The Slash Approach Is best for folks with interests that widely differ. The idea here is to pursue multiple jobs that are intentionally part-time so as to allow for expression of completely separate passion projects.
One expression of the slash is the “side hustle” , which I will explore more in subsequent book reviews for such titles as Escape from Cubicle Nation: From Corporate Prisoner to Thriving Entrepreneur , Breaking Out: How to Build Influence in a World of Competing Ideas , Originals: How Non-Conformists Move the World and Leap First: Creating Work That Matters
For now, know that most of these authors encourage would-be “leapers” to try the “side hustle” for a while before up and quitting a main gig if it is not sufficiently “group-hug-gy”.
The Einstein Approach is about finding a full-time job gig that fully supports you financially (named for Albert Einstein, who famously worked in a Patent Office full-time and did his scientific experiments before and after work and on the weekends), but which leaves you with the time and energy to pursue your other passions on the side. Crucial to this strategy is finding something that is mentally simulating rather than mentally exhausting, but at the same time is not so engaging that it is all consuming. Wapnicks’s observation is that one key to success here may be choosing work that draws on completely separate interests and utilizes different parts of the brain for the two so as to allow for the energy to work entirely outside of a day job. My personal take here is that such arrangements were easier to find in Einstein’s day. That said, technology and modern approaches to remote work, and more flexible work schedules – including part-time arrangements) may make up the difference in many ways.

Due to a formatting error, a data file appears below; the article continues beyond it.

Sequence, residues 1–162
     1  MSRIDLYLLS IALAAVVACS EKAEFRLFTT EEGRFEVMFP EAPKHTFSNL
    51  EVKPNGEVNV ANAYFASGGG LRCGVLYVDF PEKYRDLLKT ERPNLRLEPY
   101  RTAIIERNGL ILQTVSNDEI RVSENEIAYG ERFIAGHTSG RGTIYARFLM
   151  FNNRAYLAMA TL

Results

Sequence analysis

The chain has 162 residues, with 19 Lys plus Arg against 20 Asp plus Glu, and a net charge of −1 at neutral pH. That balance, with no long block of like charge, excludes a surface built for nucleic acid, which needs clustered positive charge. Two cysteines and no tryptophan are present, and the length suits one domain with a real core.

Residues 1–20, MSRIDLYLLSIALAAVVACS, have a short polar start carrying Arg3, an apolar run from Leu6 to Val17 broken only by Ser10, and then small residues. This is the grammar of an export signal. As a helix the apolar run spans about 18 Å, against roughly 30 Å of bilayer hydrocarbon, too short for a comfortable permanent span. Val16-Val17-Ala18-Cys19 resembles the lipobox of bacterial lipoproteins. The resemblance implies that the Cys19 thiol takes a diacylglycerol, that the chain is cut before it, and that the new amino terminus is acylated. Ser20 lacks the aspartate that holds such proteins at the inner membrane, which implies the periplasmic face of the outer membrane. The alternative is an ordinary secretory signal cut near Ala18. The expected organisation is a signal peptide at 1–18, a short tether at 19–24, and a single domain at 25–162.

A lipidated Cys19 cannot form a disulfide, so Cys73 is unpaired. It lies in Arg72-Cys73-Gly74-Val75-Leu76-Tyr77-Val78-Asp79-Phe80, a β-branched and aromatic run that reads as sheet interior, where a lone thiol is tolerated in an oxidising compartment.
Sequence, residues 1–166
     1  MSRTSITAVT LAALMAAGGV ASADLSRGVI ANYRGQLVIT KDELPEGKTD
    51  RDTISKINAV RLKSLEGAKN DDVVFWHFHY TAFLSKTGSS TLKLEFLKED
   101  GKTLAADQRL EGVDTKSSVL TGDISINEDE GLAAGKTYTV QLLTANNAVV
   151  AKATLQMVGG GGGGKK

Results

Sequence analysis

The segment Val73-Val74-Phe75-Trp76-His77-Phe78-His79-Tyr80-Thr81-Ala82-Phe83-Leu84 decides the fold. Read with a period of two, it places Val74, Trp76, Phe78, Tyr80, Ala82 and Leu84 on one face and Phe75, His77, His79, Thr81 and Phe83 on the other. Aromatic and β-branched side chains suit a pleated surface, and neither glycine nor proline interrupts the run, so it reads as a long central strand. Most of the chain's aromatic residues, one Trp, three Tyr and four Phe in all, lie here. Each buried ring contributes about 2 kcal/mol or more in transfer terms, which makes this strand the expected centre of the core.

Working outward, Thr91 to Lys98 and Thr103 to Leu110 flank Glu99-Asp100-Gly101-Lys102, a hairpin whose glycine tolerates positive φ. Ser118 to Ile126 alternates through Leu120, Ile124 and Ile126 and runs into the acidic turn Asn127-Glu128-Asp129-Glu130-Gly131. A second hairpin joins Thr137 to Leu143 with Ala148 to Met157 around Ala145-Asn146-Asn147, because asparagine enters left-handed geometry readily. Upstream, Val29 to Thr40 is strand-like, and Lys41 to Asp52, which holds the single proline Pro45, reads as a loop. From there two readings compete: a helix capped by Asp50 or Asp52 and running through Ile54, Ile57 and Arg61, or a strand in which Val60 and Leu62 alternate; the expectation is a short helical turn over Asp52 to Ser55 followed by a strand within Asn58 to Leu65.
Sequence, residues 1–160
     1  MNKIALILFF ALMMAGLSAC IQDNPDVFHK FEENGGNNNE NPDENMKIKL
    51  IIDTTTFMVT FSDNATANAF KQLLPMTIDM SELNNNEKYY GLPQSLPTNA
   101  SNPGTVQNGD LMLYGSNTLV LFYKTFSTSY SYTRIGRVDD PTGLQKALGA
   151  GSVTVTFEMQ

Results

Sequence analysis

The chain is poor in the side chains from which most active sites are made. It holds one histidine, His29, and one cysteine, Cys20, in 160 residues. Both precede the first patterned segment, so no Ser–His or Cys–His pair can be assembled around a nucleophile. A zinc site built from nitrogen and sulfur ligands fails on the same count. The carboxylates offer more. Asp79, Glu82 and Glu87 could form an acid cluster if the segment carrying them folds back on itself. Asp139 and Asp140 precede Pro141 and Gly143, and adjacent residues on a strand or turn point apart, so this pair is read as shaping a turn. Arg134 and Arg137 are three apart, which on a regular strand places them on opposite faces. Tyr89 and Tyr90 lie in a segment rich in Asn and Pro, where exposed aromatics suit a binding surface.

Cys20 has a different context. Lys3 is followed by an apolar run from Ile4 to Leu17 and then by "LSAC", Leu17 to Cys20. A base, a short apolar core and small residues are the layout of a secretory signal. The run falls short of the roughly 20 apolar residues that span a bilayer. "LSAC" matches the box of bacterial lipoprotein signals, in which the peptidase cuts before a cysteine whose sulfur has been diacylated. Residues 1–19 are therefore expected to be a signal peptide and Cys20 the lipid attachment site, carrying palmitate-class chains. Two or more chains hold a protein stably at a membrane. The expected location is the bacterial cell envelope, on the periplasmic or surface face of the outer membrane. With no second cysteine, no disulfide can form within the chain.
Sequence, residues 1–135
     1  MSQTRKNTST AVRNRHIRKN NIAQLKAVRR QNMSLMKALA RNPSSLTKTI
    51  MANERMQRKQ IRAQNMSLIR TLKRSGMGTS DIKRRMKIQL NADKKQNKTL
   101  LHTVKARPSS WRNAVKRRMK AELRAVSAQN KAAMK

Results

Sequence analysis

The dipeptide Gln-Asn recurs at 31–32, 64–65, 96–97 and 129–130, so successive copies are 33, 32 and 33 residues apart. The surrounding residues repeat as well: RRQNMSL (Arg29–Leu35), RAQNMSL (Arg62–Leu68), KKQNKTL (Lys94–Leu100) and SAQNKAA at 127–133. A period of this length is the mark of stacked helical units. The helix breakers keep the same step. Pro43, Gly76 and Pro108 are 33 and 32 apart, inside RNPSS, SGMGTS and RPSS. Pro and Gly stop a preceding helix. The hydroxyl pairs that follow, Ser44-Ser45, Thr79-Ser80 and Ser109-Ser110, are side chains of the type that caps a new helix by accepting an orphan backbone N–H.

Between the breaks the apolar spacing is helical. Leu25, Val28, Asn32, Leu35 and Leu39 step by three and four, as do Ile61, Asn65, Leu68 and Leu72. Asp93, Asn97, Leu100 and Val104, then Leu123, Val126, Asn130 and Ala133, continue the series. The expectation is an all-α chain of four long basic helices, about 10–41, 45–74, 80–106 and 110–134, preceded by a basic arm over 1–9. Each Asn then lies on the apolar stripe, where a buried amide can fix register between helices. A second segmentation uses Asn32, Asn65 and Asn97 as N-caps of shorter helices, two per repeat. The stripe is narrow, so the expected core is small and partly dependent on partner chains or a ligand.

And finally, there’s The Phoenix Approach which I guess would be the best way to describe my own career path, especially if you start the clock back when I was an investment banker in the 90’s. The Phoenix works in a single industry for a period of some duration and then moves to “something completely different” to quote our friends at Monty Python.
Taking a step back, I would argue that many academics were likely attracted to academia in the first place because of their own multipotentiality. My own deciding to quit my job to go back to grad school in 2001 could well be seen as an expression of my “Phoenix” approach. And because we also love to learn, we are drawn to institutions of higher learning, but the trouble is that if/when the academic route doesn’t work out, or ceases to be as interesting as it once was for any number of reasons (including a possible “call of the Phoneix”), we get stuck in thinking that the academic context is the only place where we can find such autonomy / flexibility / continual learning.
Bottom line: The world of work is changing, and one of the major ways in which it is changing is that change is now going to be the norm. Having many interests and being good at a number of things is a strategic advantage. I am deeply grateful for this way of thinking about career navigation and orienteering, and I welcome your own thoughts and experiences: do you see any of the multipotentialite in you?
As for us, what should we read and review next? I am always on the lookout for great books that help me think about ways of building meaning in work and life. This month in the CL (Mighty) Network, we are reading and discussing Daniel Goleman’s book Focus. Join the network to join us for that discussion on June 26th!